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forecast for 2011 and 2012 is for occupancies of 80%, Room Occ% Room Rate Trend RevPAR Trend

down by 2% from our previous prediction. Average


room rates are expected to increase by 7% in 2011 and Hoteliers in Adelaide achieved a commendable
10% in 2012 to $172 and $189 respectively. RevPAR is occupancy level of 76.6% in 2010, on par with our
thus expected to increase by 8.5% in 2011 to $137 and forecast. Room rate growth however was only 1.4%
by 11% in 2012 to reach $152. to reach $141.84, falling $1 short of our projected rate.
RevPAR for 2010 was $108.64.
Perth
Perth: Occupancy, Rate and RevPAR Trends
92.5% $325 Unlike other cities in Australia, Adelaide’s outlook
shows a negative trend for the city, based on a soft
90.0% $300

87.5% $275

85.0% $250 economic outlook. Occupancy is projected to decline to


82.5% $225

80.0% $200
pre-GF C levels of around 74% with only marginal rate
77.5% $175
increases of 1.5% to $144. With the projected decrease
75.0% $150

72.5% $125
in occupancy and the minimal growth in average room
70.0% $100
rates, RevPAR is forecasted to decline by 3% to $106,
67.5% $75

65.0% $50
the lowest of Australia’s State capital cities.
62.5% $25

60.0% $0

Looking forward to 2012, room occupancy is expected


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Room Occ% Room Rate Trend RevPAR Trend


to decline by a further 1% to 73%, with average room
rates projected to increase by just 2.5%, improving
Perth hotels achieved record room occupancies before RevPAR by just over $1 to $107.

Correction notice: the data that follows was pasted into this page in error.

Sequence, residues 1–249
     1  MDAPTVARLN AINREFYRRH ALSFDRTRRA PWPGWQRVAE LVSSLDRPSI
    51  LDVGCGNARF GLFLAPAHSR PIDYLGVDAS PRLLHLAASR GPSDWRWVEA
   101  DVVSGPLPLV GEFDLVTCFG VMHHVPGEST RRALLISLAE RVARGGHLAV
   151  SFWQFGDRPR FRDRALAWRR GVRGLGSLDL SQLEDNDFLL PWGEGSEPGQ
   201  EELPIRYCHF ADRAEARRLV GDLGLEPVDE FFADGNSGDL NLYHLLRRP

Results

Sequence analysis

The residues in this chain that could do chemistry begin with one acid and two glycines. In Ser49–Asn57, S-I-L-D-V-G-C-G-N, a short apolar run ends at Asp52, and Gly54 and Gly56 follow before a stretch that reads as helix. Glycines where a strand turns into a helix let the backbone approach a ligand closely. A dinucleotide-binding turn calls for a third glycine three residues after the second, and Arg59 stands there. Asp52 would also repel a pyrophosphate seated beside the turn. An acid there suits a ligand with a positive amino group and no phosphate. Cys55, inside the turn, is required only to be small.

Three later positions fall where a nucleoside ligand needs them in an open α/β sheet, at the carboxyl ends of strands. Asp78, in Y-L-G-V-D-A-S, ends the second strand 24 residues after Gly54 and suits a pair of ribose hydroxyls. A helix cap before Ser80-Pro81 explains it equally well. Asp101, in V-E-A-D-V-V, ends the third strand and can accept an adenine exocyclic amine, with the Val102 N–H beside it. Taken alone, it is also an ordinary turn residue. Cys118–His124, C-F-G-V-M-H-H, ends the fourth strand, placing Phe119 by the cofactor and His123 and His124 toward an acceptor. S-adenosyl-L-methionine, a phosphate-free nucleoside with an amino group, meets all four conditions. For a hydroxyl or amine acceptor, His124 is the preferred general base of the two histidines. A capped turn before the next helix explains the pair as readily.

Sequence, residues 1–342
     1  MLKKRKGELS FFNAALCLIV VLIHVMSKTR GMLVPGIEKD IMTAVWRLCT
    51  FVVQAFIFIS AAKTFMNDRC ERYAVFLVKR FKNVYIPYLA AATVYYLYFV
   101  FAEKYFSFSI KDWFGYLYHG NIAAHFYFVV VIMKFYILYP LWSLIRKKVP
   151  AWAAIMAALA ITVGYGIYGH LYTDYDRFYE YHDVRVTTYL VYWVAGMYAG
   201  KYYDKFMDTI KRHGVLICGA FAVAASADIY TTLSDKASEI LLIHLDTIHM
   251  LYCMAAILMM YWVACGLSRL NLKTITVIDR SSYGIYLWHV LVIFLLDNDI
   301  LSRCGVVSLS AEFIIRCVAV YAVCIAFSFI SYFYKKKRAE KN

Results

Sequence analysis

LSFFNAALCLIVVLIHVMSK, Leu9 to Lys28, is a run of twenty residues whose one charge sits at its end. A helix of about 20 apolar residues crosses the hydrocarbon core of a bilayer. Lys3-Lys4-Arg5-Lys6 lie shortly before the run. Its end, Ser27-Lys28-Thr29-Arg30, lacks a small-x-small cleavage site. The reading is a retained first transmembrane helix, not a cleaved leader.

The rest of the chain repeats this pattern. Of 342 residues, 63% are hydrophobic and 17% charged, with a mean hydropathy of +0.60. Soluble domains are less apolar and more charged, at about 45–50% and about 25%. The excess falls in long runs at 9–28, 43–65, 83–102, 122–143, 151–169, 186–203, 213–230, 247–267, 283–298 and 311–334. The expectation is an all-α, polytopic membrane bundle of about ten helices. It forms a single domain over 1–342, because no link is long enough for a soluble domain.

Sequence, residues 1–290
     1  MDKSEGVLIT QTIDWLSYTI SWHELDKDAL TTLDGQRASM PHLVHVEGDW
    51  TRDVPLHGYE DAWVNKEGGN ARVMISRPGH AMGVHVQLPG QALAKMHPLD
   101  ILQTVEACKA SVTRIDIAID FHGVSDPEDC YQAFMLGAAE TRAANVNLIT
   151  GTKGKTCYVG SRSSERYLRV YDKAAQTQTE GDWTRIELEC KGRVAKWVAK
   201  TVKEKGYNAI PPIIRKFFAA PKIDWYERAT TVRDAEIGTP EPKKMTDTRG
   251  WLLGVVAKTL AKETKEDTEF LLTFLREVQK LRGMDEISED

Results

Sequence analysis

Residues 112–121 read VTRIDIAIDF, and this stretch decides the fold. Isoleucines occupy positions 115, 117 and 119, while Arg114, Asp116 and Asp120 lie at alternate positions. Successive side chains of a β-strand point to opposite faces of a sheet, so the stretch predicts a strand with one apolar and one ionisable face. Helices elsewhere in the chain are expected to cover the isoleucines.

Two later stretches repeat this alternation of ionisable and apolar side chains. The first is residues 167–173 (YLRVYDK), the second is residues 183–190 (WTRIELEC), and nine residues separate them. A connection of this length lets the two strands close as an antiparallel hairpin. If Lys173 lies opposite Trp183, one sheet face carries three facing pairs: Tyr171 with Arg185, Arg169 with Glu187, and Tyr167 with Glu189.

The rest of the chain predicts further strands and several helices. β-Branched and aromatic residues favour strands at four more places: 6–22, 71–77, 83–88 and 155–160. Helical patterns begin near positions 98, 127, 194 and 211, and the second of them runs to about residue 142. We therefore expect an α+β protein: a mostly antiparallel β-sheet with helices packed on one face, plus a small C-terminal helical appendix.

the GFC and remained above 80% throughout. Despite
this, room rates dropped by 3% in 2009 and recovered
by only 1.1% in 2010 to achieve 82.3% by year-end.
Room rate growth of 20% and more before the GFC
stagnated throughout 2009 and recorded only 2%
growth in 2010, closing at $157 for the year, about
$1 shy of our forecast.

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Canberra
Canberra: Occupancy, Rate and RevPAR Trends Darwin’s outlook is positive however with no further
80.0% $250
supply additions expected. Room occupancy growth
77.5% $225
is forecasted to improve by 1.5% to 72% in 2011 with
renewed growth in average room rates by 5% to $148.
75.0% $200

72.5% $175

70.0% $150
RevPAR is expected to increase by 7.5% to $99.
67.5% $125

65.0% $100 Further ahead, occupancy in 2012 should increase by a


62.5% $75
further 1% to 73%, with average room rates increasing
60.0% $50
7% to $159 resulting in RevPAR growth of 8% to $116.
57.5% $25

55.0% $0

Gold Coast
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Gold Coast: Occupancy, Rate and RevPAR Trends
Room Occ% Room Rate Trend RevPAR Trend
77.5% $250

75.0% $225

Canberra hotels’ RevPAR growth exceeded Sydney for 72.5% $200

70.0% $175

YE 2010, with 11.3% growth to $114.50, matching the


67.5% $150

modelled forecast rate. Occupancy also grew stronger 65.0% $125

than Sydney, with 5.4% growth to 75.9% whilst 62.5% $100

average room rates grew 3.4% to $150.95. 60.0% $75

57.5% $50

Canberra’s outlook for 2011 was for a weaker year, and 55.0% $25

52.5% $0

this has been revised further down. Occupancy is now